70% of our processed foods contain GMOs

The U.S. is one of the very few industrialized nations that hasn't either banned GMOs or required labeling. It’s a symptom of the control that corporations have over our government, through lobbying and campaign contributions. Because of this financial and political clout, the corporations behind GMOs are able to keep U.S. shoppers in the dark about the contents of the food on our grocery store shelves. Up to 85% of U.S. corn, 91% of soybeans, and 95% of sugar beets are now genetically modified. According to the Center for Food Safety, 70% of processed foods in supermarkets now contain genetically-modified ingredients, yet are not labeled as having them. Human-health risks from GMOs include immune suppression and cancer.

Wild plants and animals threatened

Risks to the planet are even more frightening for me. The uncontrolled dispersal of the engineered genes in agricultural plants threatens wild plant and animal species with contamination of their own genetic material and possible extinction. This sounds dramatic, but if you doubt it, read the Center for Food Safety’s “Monsanto vs. U.S. Farmers".
Anyway – the problems with genetically-modified foods are not new. I’ve known about GMOs and the corporate control of their development and proliferation for some time. I’ve known about the industry’s appalling disregard of anything other than corporate profits. My daughter Sadie and I wrote about that topic in our 2008 book, Going Green.

But I almost choked when I heard...

I just recently learned something new about an unexpected victim of the genetic-engineering industry. Monarch butterflies. Last summer, while researching a 2nd edition of my book "Creepy Crawlies and the Scientific Method", I began talking to monarch experts who are involved in the conservation of this magnificent butterfly, a species that weighs less than a paper clip but migrates 2000 miles every autumn! They migrate farther than any other insect, farther than many migratory birds. Through this research, I learned that monarchs are declining, and when I found out why, I almost gagged. Monsanto!!! Monsanto has wiped out much of the milkweed in the Midwest that these butterflies lay their eggs on. Not intentionally, but as a by-product of Monsanto's widely used agricultural herbicide “Round-Up.” Milkweed grows best in disturbed areas, such as in and around crop-fields. Farmers can and do now spray Round-Up directly on their maturing crops. Before, herbicides had to be used sparingly and before crops sprouted, because herbicides killed crops as well as unwanted plants.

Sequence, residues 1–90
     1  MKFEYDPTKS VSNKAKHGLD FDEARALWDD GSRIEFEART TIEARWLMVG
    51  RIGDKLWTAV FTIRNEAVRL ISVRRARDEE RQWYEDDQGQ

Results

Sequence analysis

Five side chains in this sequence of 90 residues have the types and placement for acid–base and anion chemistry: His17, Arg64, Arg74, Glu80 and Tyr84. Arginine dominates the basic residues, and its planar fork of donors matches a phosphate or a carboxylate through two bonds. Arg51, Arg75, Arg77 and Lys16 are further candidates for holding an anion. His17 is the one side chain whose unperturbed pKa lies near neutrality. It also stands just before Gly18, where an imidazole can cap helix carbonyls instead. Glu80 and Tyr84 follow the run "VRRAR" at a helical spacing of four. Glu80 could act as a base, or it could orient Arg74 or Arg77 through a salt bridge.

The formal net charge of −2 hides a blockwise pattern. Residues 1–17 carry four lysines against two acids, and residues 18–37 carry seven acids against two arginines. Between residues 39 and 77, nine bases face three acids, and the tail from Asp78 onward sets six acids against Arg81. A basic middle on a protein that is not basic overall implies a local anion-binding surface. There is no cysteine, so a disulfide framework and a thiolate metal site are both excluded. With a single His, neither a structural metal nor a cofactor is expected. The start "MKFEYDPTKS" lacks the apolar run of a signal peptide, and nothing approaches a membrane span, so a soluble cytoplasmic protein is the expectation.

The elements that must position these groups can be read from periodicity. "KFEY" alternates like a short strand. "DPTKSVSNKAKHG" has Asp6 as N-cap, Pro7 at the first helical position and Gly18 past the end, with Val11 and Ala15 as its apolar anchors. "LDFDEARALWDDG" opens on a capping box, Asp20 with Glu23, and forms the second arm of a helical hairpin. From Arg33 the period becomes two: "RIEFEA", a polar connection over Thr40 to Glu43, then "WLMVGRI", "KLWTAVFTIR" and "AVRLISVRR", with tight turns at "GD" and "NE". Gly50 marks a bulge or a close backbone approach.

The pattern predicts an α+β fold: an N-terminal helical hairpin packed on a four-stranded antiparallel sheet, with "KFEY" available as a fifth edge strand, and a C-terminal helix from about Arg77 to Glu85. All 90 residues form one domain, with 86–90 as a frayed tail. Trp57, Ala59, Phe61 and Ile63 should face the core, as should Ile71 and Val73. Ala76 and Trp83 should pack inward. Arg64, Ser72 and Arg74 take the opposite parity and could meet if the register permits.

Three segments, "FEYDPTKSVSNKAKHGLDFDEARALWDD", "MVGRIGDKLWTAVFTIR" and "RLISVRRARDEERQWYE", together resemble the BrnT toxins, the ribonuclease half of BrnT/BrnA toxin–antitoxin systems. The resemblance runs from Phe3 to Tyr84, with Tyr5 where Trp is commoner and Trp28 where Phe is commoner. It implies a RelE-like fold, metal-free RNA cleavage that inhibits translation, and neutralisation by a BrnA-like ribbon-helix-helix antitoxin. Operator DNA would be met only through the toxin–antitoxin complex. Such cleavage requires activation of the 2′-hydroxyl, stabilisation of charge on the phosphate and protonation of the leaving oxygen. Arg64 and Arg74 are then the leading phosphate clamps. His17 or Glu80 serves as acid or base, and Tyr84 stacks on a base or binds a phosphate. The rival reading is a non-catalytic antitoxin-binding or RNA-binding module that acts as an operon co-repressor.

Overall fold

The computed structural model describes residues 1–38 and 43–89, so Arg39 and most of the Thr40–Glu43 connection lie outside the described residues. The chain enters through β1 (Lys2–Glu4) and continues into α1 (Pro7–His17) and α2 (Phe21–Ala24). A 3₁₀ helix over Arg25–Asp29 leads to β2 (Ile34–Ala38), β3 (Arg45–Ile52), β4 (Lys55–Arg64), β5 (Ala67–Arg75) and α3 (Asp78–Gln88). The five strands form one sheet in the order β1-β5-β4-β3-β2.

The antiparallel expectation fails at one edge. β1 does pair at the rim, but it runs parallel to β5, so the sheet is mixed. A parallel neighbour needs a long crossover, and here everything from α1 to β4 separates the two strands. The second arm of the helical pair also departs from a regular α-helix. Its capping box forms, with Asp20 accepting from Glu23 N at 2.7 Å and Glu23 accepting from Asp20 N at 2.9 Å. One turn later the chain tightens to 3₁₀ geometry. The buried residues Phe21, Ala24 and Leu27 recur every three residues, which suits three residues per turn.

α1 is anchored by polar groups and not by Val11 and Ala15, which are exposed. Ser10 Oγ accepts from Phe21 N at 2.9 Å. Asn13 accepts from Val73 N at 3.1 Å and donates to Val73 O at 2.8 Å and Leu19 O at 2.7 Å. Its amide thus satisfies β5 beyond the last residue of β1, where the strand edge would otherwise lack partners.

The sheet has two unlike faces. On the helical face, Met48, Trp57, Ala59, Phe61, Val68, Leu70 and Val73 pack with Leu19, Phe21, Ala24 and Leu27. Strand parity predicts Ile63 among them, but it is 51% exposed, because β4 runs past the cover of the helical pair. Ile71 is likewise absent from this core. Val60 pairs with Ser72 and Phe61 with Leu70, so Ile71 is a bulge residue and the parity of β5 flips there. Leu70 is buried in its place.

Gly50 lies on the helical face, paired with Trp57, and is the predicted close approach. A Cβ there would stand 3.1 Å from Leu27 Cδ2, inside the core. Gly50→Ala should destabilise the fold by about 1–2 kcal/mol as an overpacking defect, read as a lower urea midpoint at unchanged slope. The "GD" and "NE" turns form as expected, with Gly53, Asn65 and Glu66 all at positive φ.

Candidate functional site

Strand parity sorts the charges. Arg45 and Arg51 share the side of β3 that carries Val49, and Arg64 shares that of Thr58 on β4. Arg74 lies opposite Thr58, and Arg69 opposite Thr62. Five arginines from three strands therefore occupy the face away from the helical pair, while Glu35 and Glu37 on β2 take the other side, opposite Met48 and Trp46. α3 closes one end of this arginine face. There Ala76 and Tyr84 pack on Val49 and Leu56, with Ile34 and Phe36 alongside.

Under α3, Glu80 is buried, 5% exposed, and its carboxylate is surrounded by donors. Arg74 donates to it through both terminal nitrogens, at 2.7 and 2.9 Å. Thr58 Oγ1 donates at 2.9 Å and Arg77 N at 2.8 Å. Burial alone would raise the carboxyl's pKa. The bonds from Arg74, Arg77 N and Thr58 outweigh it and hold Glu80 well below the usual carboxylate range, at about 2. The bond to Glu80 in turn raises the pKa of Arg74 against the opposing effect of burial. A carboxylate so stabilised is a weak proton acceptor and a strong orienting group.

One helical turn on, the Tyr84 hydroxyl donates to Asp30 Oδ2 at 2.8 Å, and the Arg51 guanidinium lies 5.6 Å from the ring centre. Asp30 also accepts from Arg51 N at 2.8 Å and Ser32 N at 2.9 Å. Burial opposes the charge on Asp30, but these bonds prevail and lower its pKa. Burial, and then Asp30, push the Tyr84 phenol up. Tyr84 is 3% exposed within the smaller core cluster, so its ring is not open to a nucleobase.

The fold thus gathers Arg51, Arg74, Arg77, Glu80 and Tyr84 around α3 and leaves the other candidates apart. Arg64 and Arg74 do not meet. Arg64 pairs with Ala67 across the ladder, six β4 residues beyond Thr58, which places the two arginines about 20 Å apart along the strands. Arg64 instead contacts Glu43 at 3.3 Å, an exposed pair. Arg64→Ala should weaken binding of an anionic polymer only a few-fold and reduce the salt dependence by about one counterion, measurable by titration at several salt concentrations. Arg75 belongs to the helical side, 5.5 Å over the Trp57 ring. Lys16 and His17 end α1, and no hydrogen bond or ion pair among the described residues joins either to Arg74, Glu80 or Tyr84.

But since Monsanto has genetically modified a huge proportion of crop seeds used in the U.S. to withstand  their own herbicide, Round-Up, those GM crops are now immune to this particular herbicide. So Round-Up is sprayed in abundance, throughout the growing season.  It kills all other plants in the vicinity, including milkweed.
And scientists say this is the primary reason monarchs are declining, due to loss of their "host plant" milkweed, which they must have for egg-laying and caterpillar growth.
It's very disturbing. And yet Monsanto marches on, squashing Proposition 37 and any other opposition to their dangerous domination of American agriculture.

What's to be done?

Write your legislators about GMOs and Monsanto.  Will it do any good?  I don't know.  Contact the Center for Food Safety and ask what you can do.
One thing you can do for sure is to plant milkweed.
Several monarch scientists and educators have created monarch websites for teachers, students, and citizens who’d like to get involved in monarch conservation, by planting milkweed and nectar plants and by monitoring, tagging, reporting data to monarch scientists, and more.  These are great websites, great projects - for families, classrooms, individuals.  Check them out!
Journey North
Monarch Watch
Monarch Larva Monitoring Project
Monarch Teacher Network